The Elements Artist Group comprises six artists anchored in Alaska including Charlotte Bird, Susan Campbell, Nancy Hausle-Johnson, Mary Bee Kaufman, Margo Klass and Ree Nancarrow.
The nine composers from the 2017 Fairbanks Summer Arts Festival’s Composing in the Wilderness Program include Jesse Budel, Christian Dubeau, Corinna Hogan, Aaron Keyt, Brent Lawrence, Libby Meyer, Christina Rusnak, Dawn Sonntag and Jennifer Wright.
The idea for the project was originally sparked by a painting Elements artist Mary Bee Kaufman rendered while listening to music written by Christina Rusnak in 2012. Their successful collaboration resonated with other Elements artists who were eager to explore a new challenge – making visual art in response to music inspired by a place they all love, Denali National Park.
Stephen Lias, Composing in the Wilderness director, shared the proposal with his Composing in the Wilderness musicians and they enthusiastically said, “Yes.”
In 2017, Lias led nine experienced composers into the backcountry of Denali National Park. They composed original chamber music inspired by their experiences in the wilderness and then shared recordings of their compositions, along with their scores, ideas, and inspiration with the Elements artists. Elements artists created visual responses to the music, generating eighteen works of art – two responses to each of the nine musical compositions. Artists worked in a variety of media including fiber art, ceramic tiles, painting, poetry, and artist books. Denali: Artists Respond to Music Inspired by Wilderness is evidence of the surprising results that emerge when artists collaborate.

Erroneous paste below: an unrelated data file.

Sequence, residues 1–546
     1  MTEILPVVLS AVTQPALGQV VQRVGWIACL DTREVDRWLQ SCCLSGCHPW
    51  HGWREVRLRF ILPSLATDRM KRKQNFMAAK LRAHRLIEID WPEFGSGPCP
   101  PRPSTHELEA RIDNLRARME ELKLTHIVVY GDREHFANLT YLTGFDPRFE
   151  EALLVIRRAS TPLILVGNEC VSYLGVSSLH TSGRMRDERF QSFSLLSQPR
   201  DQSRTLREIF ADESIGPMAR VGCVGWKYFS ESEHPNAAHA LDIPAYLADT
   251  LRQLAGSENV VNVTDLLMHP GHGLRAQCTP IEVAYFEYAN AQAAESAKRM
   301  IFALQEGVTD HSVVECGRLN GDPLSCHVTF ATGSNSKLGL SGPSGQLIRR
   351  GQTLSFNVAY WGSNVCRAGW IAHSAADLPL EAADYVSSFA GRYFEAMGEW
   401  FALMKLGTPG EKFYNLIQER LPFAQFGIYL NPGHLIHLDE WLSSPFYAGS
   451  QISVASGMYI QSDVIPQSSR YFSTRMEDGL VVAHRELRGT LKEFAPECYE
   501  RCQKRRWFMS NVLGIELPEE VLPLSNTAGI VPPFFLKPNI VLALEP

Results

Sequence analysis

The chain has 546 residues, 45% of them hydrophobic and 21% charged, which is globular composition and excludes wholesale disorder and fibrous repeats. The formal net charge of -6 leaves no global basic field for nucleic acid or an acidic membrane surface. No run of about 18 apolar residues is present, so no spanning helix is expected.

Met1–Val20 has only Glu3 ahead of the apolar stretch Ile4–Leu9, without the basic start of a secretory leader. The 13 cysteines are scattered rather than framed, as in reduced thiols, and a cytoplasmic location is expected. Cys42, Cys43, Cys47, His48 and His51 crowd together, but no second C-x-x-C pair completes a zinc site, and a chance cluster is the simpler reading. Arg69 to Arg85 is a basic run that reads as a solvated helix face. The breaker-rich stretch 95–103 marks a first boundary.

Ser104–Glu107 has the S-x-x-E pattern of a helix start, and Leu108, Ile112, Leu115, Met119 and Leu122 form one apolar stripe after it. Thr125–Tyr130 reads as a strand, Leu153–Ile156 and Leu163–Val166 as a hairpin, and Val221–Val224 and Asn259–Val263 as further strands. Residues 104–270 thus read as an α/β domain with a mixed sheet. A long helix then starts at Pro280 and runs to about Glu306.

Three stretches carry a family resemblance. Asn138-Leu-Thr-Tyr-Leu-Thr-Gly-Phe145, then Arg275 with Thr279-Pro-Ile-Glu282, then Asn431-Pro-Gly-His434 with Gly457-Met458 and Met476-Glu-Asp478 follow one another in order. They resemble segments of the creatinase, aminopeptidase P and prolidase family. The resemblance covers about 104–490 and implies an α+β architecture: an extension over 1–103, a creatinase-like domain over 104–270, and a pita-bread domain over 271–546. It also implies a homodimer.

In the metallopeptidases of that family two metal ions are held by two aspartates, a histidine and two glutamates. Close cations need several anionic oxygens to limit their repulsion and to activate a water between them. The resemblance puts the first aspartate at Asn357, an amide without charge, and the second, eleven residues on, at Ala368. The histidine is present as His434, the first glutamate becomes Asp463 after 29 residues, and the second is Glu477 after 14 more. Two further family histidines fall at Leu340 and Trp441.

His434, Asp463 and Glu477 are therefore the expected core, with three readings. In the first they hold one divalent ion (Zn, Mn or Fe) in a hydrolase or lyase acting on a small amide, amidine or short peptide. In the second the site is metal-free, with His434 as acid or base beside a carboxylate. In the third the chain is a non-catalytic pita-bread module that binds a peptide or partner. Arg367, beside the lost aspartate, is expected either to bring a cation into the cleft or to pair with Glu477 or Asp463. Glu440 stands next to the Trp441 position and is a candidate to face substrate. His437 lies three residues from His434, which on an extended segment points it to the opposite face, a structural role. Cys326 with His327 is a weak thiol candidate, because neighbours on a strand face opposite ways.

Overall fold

The generous support of a Community Arts Development Grant from the Alaska State Council on the Arts helped fund the project along with sponsorship by the National Park Service, Alaska Geographic, Fairbanks Summer Arts Festival, and Composers in the Wilderness.
Written by David Hemmer, dean of the College of Sciences and Arts
Mary Cyr, lecturer in the Department of Visual and Performing Arts, has been selected as our first spring Dean’s Teaching Showcase member. In making the nomination Hemmer said “The costume shop is next to my office in Walker, but until recently I had no real idea the incredible work that Mary does there. Our classroom students and student performers are fortunate to have her talent and creativity on campus.”
Cyr’s courses in costume technology, design and crafts are typically hands-on requiring very up-close and meticulous work such as: sketching and rendering of the human form; pattern drafting, marking, and alteration; machine sewing and hand sewing techniques; along with dyeing and other fabric manipulation techniques.
For the sudden shut-down in the Spring 2020 semester, Cyr quickly assembled appropriate level kits, to be picked up or mailed, for both FA1703 Costume Technology and FA 3703 Advanced Costume Technology. These included the projects the students had been working on as well as the remaining projects for the semester, which had to include basic hand sewing tools and materials for FA1703 and next level patterns, fabric, drafting paper, and hand-drafting tools for FA 3703.
Using document cameras and creating pictorial tutorials, she taught the students the necessary techniques while also introducing the proper use of the tools. Then the students remotely shared their works in progress for guidance and finished projects for critique and evaluation.
Cyr expanded and enhanced these methods for Fall 2020 to begin with face-to-face classes that had to be ready to go remote at a moment’s notice. She used a document camera and large monitor in the costume shop to demonstrate close work while maintaining appropriate distances from and between the students who could also show their minute work using the same.